The Hamburg in All of Us
How have the 9/11 attacks affected the relationship between Hamburg and the United States?
December 24, 2002
After the September 11 attacks, to which Hamburg was unwitting midwife, another president named George saw still more molestation and trouble brewing. He promptly ordered security fences and armed guards to surround this consulate.
The Hamburg Chamber of Commerce, meanwhile, scrambled to insist on its solidarity with the United States by taking out several full-page advertisements in the New York Times to emphasize its "dismay" at the September 11 attacks and to insist to New York that Hamburg still "stands by you."
Why? Why should Hamburg's businesses feel any more responsible for the attacks than, say, the Comfort Inn — where two of the hijackers spent the night before the attacks?
After a month in that windy northern city speaking with a wide range of the city's elite, I discovered that the attacks have exposed the fault line between Hamburg's self-image as an important, worldly city — and the reality of a wealthy town run by a cliquish elite.
Noisy grief has been accompanied by quiet admissions that the city's patrician past did not prepare it well for the world's multicultural present.
In Hamburg, the September 11 attacks have become a reference point for a broad malaise. Conversations quickly turn to the sagging economy — and the general fear of further terror attacks.
But I found an even deeper pain in a city that has seen its proud reputation as an international city grow stale. Hamburg's port, which was once the gateway to Europe, has been pushed toward irrelevance.
The media sector, which has been the big hope for economic growth, has been hit hard by the advertising slump. In this context, any damage to Hamburg's relationship with America, a cornerstone of the city's internationalism for centuries, was bound to be hit particularly hard.
Former Mayor Klaus von Dohnanyi was concerned that these trends cause a growing unwillingness of his fellow Hamburgers to get to know other cultures. "I'm afraid that the city will sink into admiring provincial beauty," he said, "rather than continuing to develop its international character."
Living in a port city, Hamburg's leaders understand that their city's wealth is based on contact with the outside world. But that contact kept strict office hours.
For many centuries, the city's elite has spent evenings nurturing a well-groomed sense of superiority in clubs that only admit members with a long Hamburg lineage.
Even for Germans from other cities, Hamburg society has always had a reputation for being particularly insular. It can afford to be — the Hanseatic League, the trading partnership that Hamburg co-founded, made Hamburg extremely wealthy. It still has one of the richest city centers in continental Europe.
The Technical University of Hamburg-Harburg, where the leaders of the September 11 attacks studied, carried on that internationalist tradition. The university was founded to encourage overseas students to discover Germany.
But the point was to train those students in Hamburg — and then send them home again, in the hope that they would become valuable trading partners. Just because we paid for your seat at the party, the feeling went, doesn't mean we want you sitting next to us.
For some, Germany's painful past has a strong local resonance. Like Republican Senators from the American South, those who champion Hamburg traditions have to tread a fine line between embracing their past — and distancing themselves from the racist elements.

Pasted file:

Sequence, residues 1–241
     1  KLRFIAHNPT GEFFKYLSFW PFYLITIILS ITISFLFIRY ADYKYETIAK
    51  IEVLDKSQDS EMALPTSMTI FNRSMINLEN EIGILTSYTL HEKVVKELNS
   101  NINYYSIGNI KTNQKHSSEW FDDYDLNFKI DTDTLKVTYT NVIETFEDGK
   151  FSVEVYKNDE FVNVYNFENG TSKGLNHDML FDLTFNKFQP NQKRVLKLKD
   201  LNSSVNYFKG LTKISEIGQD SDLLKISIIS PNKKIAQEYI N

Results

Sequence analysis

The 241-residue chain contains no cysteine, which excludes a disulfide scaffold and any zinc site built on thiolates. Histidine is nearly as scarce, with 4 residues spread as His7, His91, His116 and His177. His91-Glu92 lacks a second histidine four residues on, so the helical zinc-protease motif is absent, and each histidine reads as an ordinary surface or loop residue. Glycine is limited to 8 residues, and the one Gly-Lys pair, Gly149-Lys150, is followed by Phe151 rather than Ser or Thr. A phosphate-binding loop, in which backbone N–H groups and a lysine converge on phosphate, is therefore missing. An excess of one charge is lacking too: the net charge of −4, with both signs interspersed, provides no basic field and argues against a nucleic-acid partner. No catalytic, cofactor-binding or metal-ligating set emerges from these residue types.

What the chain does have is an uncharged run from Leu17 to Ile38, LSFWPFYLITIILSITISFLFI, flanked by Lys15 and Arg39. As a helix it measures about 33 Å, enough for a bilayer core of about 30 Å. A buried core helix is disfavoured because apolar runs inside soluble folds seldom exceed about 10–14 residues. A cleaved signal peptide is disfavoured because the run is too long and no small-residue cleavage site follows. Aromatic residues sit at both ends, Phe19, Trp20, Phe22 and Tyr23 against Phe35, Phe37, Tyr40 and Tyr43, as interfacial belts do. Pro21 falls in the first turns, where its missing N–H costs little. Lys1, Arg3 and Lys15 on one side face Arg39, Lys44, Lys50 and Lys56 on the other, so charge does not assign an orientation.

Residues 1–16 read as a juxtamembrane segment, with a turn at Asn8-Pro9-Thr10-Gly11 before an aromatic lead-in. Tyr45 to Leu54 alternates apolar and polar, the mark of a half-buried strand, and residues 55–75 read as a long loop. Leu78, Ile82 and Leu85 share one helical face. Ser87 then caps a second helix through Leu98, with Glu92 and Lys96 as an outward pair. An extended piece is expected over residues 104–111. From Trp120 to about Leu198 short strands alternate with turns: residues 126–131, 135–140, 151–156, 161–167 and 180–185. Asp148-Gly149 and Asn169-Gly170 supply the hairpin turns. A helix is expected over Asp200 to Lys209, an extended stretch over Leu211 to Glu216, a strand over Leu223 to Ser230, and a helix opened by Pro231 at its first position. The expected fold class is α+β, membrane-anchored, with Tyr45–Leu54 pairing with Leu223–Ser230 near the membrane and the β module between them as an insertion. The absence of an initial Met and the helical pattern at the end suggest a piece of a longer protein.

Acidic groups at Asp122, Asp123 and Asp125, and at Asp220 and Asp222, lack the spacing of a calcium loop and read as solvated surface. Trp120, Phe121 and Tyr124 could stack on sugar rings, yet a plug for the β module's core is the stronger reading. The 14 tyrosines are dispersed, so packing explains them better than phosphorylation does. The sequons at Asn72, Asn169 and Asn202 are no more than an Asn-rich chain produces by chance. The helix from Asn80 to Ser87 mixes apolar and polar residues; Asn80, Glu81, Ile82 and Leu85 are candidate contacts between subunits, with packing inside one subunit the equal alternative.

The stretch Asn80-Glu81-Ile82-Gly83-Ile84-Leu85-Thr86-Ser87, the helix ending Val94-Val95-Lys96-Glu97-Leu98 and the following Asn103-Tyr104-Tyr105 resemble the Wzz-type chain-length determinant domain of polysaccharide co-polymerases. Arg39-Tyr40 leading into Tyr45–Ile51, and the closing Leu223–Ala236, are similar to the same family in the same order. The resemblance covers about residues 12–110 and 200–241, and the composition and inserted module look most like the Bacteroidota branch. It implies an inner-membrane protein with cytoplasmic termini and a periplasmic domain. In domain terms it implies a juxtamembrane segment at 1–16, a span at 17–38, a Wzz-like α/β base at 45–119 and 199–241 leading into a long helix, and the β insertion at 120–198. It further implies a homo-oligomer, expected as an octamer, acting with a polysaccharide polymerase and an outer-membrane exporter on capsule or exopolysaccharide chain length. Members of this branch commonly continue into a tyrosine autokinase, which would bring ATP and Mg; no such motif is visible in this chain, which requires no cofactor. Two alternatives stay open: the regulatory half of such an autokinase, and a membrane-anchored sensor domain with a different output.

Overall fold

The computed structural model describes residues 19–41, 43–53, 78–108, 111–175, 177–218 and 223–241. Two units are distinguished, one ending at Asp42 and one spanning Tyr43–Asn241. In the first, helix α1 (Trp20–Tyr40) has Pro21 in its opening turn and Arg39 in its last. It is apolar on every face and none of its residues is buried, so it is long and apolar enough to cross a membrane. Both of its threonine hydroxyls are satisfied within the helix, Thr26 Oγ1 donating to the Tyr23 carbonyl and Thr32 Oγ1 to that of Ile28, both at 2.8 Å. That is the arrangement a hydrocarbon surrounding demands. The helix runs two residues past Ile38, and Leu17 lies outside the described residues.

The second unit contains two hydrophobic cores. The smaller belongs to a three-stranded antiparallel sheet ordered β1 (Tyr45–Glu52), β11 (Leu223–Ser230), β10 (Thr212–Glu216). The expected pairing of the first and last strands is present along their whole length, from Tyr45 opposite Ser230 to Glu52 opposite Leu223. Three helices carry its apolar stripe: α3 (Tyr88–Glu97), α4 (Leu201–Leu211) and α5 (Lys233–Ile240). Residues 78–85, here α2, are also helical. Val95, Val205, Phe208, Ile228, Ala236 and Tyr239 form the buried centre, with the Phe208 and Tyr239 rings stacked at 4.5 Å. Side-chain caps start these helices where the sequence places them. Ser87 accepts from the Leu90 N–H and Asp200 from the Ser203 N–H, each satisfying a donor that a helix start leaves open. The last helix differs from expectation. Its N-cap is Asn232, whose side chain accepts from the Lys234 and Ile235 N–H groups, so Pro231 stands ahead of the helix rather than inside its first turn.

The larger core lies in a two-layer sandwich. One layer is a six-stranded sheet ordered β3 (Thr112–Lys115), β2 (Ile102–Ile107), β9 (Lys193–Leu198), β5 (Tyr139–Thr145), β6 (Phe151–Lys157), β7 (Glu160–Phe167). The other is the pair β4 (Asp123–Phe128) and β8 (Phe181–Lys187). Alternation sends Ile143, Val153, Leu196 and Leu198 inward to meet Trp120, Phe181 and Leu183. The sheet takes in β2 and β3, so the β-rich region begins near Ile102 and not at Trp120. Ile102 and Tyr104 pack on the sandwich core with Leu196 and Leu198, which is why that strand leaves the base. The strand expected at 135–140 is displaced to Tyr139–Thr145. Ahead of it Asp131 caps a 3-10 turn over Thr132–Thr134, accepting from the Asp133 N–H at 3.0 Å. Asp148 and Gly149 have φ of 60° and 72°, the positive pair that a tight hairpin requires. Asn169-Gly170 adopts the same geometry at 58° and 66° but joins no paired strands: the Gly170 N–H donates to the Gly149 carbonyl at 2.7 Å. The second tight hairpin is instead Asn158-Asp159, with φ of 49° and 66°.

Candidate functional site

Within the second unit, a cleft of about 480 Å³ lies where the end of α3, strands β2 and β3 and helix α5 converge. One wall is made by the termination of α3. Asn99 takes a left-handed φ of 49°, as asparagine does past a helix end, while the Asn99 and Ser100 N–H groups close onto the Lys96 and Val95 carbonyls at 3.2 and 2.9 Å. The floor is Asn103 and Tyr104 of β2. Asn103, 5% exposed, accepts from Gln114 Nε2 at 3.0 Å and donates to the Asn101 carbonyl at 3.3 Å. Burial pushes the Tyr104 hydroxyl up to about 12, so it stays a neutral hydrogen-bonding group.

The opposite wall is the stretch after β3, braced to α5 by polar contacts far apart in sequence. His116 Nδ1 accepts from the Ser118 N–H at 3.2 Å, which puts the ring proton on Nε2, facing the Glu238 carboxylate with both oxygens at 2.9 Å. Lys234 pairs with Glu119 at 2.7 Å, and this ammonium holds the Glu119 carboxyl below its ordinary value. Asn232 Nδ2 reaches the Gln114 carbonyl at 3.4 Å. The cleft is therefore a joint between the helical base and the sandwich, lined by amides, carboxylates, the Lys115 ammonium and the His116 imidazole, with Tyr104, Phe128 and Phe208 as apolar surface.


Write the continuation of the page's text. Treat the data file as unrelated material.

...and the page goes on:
Some of Hamburg's most respected family dynasties were enthusiastic supporters of Hitler, whose message of self-reliance and Nordic superiority resonated with their Hanse traditions.
In the immediate aftermath of the 9/11 attacks, the city elected Ronald Schill, a politician who had campaigned on a platform of cracking down on crime — by which he largely meant foreigners.
The ombudsman office that helped immigrants navigate the complicated immigration laws was closed. Instead of speeding processing of asylum seekers, the administration proudly reported how many planeloads of them they had deported.
Of course, shock and grief was the immediate and over-riding reaction to the attacks on New York and Washington. Axel Springer, the German publishing company founded in Hamburg in 1946, went so far as to add a principle to its corporate charter stating its "solidarity with the values of the United States of America."
But in the midst of the flurry of memorial services and interfaith dialogue meetings, many sought more traditional refuge from the newly painful world. In the wake of September 11, private clubs such as Hamburg's Harmony Society of 1789 enjoyed a surge in membership.
"The September 11th tragedy was a shock that made you aware of the world, but made you look for friendship and diversion," said Martin Sillem, president of the Harmony, one of the city's most exclusive clubs and one which bills itself as the oldest men's club on the continent.
Rules are no longer as restrictive as they once were, but outsiders still need not apply. "We don't have any foreigners in our club," Sillem said, who traces his Hamburg roots back at least as far as 1560.
"We do have some Bavarians," he added.
For Hamburg, the post-9/11 mantra of "Nothing will be the same" has become an unspoken "Nothing has changed." The wounded pride and hopeful clinging to past ways that I found in Hamburg underscored the drift of a city used to worldly power.
But the story does not really end there. After all, regardless of where we live, all of us are watching U.S. President Bush fight an enemy whose power is that it is stateless — by preparing war against the state of Iraq.
And we are all watching in amazement as U.S. energy policy places ever-higher priorities on the oil resources that funded the enemy in the first place. I find myself wondering: Isn't there a little Hamburg in all of us?